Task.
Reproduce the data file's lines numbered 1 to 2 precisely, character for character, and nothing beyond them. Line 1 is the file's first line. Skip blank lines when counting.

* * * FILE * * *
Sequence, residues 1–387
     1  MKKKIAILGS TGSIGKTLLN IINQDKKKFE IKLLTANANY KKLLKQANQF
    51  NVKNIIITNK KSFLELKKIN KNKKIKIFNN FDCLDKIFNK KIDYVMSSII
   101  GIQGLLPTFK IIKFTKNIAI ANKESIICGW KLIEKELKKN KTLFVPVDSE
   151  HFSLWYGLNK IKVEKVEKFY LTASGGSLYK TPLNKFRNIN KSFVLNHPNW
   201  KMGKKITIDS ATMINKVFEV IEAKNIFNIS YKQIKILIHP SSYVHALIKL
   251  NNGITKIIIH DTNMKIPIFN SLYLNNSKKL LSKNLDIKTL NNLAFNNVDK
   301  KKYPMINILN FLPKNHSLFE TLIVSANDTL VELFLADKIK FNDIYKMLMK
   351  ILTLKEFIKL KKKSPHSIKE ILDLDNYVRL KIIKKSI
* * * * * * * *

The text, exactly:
Sequence, residues 1–387
     1  MKKKIAILGS TGSIGKTLLN IINQDKKKFE IKLLTANANY KKLLKQANQF